Taxes on sugary drinks can often improve a nation’s economy, rather than having the devastating impact industry has claimed.
In Fiji, the traditional diet of fresh tropical fruits, leafy vegetables and fresh seafood is progressively being replaced with imported, processed foods, high in fat, salt and sugar. The result is an epidemic of obesity (growing most rapidly across Pacific nations) and crippling levels of non-communicable disease (NCDs), such as stroke, heart disease and diabetes.
Since the government of Fiji implemented a tax on sugary drinks, the beverage industry has resorted to common push-back tactics, declaring taxes would hurt the economy of Fiji: jobs would be lost, communities would suffer.
However, in Fiji, one parent company owns 90 percent of the beverage industry, with five sister companies producing all beverages, including water, and juice — meaning that a sugary drink tax will only minimally impact the company’s profits and employment, because consumers would buy substitutes for sugary drinks from the same company.
The tax also stacks up, when weighing up the economic benefit of reduced NCDs against any potential loss of prosperity from reduced consumption of sugary drinks.
Fiji’s case provides a lesson for policymakers around the world facing industry lobbying against health taxes.
There is strong political will and commitment to reduce NCDs, which remain the biggest cause of death globally. In 2021, they were responsible for over 40 million deaths – that’s nearly three quarters of total deaths. Of these deaths, 15 million occurred in the ‘premature’ 30-69 age bracket, people who would otherwise be leading productive lives.
Diet is a key risk factor for NCDs, so taxes on sugary drinks have proved a popular and effective intervention for reducing diet-related NCD risk factors. World Bank figures show that in 2020, more than 40 countries had various sugary drink taxes in place.
Some countries also tax unhealthy, low nutrient, energy-dense foods. Mexico taxes foods with high energy density, such as fried foods and ice-cream; Denmark, Dominica, Finland and Norway tax chocolate and sweet confectionery.
Researchers worldwide are looking into ways to group, and tax, foods based on how healthy they are, using scientifically based, non-discriminatory nutrient profiling.
Researchers at Imperial College London, UK, are designing taxes that don’t add financial burden to individuals or households, that get distributed equally across income groups, and that are administratively feasible. The resulting policy could nudge consumers to adopt healthier diets without adding to the household food bill, and incentivise industry to reformulate their products to meet healthier nutrition standards. In a similar study into health taxes at Oxford University, UK, researchers are also estimating the planetary health impacts of various tax and subsidy scenarios.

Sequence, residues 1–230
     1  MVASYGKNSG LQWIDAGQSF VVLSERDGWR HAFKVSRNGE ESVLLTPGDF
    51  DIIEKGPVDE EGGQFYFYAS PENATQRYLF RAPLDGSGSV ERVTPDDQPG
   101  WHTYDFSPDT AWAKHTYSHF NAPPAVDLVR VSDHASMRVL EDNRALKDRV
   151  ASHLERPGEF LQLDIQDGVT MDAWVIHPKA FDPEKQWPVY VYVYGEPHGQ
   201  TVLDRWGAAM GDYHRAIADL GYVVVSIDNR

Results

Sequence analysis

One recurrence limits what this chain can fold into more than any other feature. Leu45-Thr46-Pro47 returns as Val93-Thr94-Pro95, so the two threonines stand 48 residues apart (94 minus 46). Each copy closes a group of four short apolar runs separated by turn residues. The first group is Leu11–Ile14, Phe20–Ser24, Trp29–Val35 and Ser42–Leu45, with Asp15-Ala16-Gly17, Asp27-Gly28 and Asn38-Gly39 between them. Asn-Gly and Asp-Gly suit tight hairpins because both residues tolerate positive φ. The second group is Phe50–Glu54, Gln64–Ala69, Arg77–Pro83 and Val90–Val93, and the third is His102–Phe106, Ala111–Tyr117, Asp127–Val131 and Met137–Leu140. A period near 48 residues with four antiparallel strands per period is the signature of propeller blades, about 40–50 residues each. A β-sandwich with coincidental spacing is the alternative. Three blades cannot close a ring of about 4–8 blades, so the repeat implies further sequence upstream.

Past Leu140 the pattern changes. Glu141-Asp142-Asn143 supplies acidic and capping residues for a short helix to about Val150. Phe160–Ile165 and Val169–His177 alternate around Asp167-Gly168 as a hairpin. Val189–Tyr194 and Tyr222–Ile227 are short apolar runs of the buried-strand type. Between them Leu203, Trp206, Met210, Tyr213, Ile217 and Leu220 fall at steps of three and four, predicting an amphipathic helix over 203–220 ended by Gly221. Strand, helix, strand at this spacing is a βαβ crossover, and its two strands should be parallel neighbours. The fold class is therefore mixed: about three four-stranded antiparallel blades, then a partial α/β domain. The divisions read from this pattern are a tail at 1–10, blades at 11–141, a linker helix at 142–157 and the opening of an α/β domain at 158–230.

While some policymakers fear these taxes could lead to employment loss and economic downturn, a global study found that most claims of economic downturn come from food and beverage industry-funded reports which used methods to estimate job and economic losses that do not (and cannot) take into account consumer response.
For instance, in Mexico, one study estimated that the combined sugar taxes and energy-dense food tax would cause up to 16,000 job losses — yet a peer-reviewed academic paper using appropriate economic methods found no significant net change to employment. Similarly, in Philadelphia, USA, one study estimated 1,190 job losses from a sugary drink tax, while another gave a net estimate of no significant change in employment. The conclusion from reviewing studies across the world was that the more robust studies showed negligible job loss and, in some studies, small job gains.
While the food and beverage industry may see initial job losses as consumers’ spending shifts from taxed goods to other goods and services, employment increases in those sectors. Also, government revenue from the tax will subsequently increase government spending in other sectors. Revenue can also be redirected into programmes to improve the livelihood of those impacted by any job loss or into subsidies for healthier foods like fruit and vegetables.
A five-year Global Alliance of Chronic Disease project in Fiji and Samoa is exploring how to scale up food policy interventions to prevent two key NCDs: type-two diabetes and hypertension. The project is consulting development partners, policy makers and community groups about the factors that either support or undermine policies for NCD prevention.
NCDs inflict significant social and economic burden on people, households, communities, health services, employers and governments, leading to reduced labour force productivity and eventual downturn in national income and human capital investment.
Prevention strategies for NCDs are critical, and require a comprehensive package of population level interventions with a whole-of-society approach. The global analysis and the example of Fiji show that there is little evidence supporting industry claims of economic downturn. Instead, in addition to health and productivity benefits, there are significant economic benefits through revenue raised and health costs saved.
Sarah Mounsey is a research associate at Imperial College, London. The Pacific Islands of Fiji and Tonga have been case study countries for her PhD, which looked at the health and economic impacts of diet-related fiscal policy for NCD prevention. She is currently part of a research team at Imperial, looking into the repurposing of VAT food taxes in the UK. She declares no conflict of interest.